In relation to the conditions of detention in prison, huge improvements have been made to prison conditions in recent years. The practise of slopping out has practically been eliminated. With the construction of a new prison in Cork that opened on 12 February 2016 and the complete refurbishment of all the wings in Mountjoy Prison, this has resulted in the elimination of the practice of slopping out in both of these prisons. At present, over 98% of prisoners across the prison estate have access to in-cell sanitation. The practice of slopping out will be completely eliminated through the implementation of the Irish Prison Service’s Capital Strategy 2016-2021, which outlines plans for the complete replacement of the remaining outdated accommodation for males in Limerick and Portlaoise prisons.  

The development of a step down unit for female offenders which is being progressed and the planned modernisation & expansion of the female facilities in Limerick Prison, which includes a transition unit, will greatly improve the conditions within the Prison system and options for the successful reintegration of females into the community

In recent years, my Department, the Irish Prison Service & the Probation Service, with the support of other agencies and stakeholders, have introduced several strategies targeted specifically at stemming the growth of and reducing the prison population.   The commencement of the Fines (Payment and Recovery) Act 2014 in 2016 should result in a large reduction in the number of committals to prisons on short sentences.  Alternatives to custody such as the Criminal Justice (Community Service) (Amendment) Act 2011 were introduced which requires a sentencing judge to consider the imposition of community service where a custodial sentence of 12 months or less is being considered.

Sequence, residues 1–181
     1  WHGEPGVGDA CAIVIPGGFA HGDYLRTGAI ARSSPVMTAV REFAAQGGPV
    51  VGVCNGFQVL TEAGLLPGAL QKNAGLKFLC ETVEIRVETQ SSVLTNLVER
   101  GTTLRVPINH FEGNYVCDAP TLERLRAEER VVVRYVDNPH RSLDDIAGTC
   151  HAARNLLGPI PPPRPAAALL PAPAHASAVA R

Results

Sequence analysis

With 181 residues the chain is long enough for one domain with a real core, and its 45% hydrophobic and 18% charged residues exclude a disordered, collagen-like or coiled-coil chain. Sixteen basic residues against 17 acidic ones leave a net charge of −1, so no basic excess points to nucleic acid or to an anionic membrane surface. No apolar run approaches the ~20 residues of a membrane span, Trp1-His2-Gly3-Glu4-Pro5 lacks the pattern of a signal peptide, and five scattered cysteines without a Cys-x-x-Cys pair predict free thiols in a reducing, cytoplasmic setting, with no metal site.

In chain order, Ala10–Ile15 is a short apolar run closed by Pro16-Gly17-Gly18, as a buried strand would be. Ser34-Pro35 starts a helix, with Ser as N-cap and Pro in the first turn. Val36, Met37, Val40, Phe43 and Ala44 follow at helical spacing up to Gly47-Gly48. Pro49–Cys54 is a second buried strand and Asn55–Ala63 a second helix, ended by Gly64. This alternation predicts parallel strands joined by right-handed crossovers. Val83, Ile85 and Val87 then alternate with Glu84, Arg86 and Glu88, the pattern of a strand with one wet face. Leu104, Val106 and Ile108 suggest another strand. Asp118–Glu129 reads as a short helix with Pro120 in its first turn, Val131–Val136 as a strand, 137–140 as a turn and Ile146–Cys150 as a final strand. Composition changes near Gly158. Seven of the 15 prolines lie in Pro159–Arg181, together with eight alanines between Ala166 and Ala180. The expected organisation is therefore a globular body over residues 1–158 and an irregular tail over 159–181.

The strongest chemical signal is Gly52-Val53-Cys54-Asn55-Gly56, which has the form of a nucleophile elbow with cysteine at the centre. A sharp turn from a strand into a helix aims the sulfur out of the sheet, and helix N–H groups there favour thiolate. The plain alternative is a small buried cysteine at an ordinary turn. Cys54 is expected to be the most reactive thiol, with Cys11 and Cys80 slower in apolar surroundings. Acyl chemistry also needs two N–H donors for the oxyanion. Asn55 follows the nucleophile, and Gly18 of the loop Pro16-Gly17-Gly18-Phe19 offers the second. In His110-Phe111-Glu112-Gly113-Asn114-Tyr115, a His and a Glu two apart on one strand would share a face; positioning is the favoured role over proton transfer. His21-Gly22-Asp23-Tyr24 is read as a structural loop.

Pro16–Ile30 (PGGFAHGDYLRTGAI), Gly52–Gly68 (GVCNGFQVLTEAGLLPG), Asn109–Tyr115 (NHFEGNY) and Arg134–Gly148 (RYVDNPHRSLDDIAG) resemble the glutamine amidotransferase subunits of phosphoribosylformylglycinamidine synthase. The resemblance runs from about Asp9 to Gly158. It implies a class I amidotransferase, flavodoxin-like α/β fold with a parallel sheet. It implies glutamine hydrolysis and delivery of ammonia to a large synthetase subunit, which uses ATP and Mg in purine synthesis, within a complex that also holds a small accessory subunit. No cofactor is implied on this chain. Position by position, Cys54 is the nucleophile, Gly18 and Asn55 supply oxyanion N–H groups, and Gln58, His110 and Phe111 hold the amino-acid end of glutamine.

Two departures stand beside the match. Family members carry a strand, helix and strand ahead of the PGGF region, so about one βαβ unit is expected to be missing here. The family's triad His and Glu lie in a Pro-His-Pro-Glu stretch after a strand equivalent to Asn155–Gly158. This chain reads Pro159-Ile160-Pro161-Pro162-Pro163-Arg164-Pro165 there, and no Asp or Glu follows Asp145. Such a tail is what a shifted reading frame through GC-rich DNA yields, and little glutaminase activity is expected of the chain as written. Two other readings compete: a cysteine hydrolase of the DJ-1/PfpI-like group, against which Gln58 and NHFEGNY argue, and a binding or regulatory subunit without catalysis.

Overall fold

The initiatives aimed at reducing the prison population, provide the Irish Prison Service with the opportunity to focus more on rehabilitation and support services, which they are doing. The Irish Prison Service and Probation Service provide a wide range of rehabilitative programmes that include education, vocational training, healthcare, psychiatric, psychological, counselling, welfare and spiritual services. Michael and Vivian may elaborate more on these services and how to access them.

The Irish Prison Service is also committed in its Strategy statement to ensuring that prisoners are detained in accordance with the law, including international human rights law, and that prisoners are treated with dignity and respect. It is initiatives like this which strengthen supports for families of Travellers in prison, and after prison, using a multi-agency approach, which gives meaning to the concept of being treated with dignity and respect. Giving individuals in prison support, access to services, opportunities for education, health and welfare, are the real things, which can have a profound impact on not only prisoners, but also their families, friends, their communities and society as a whole.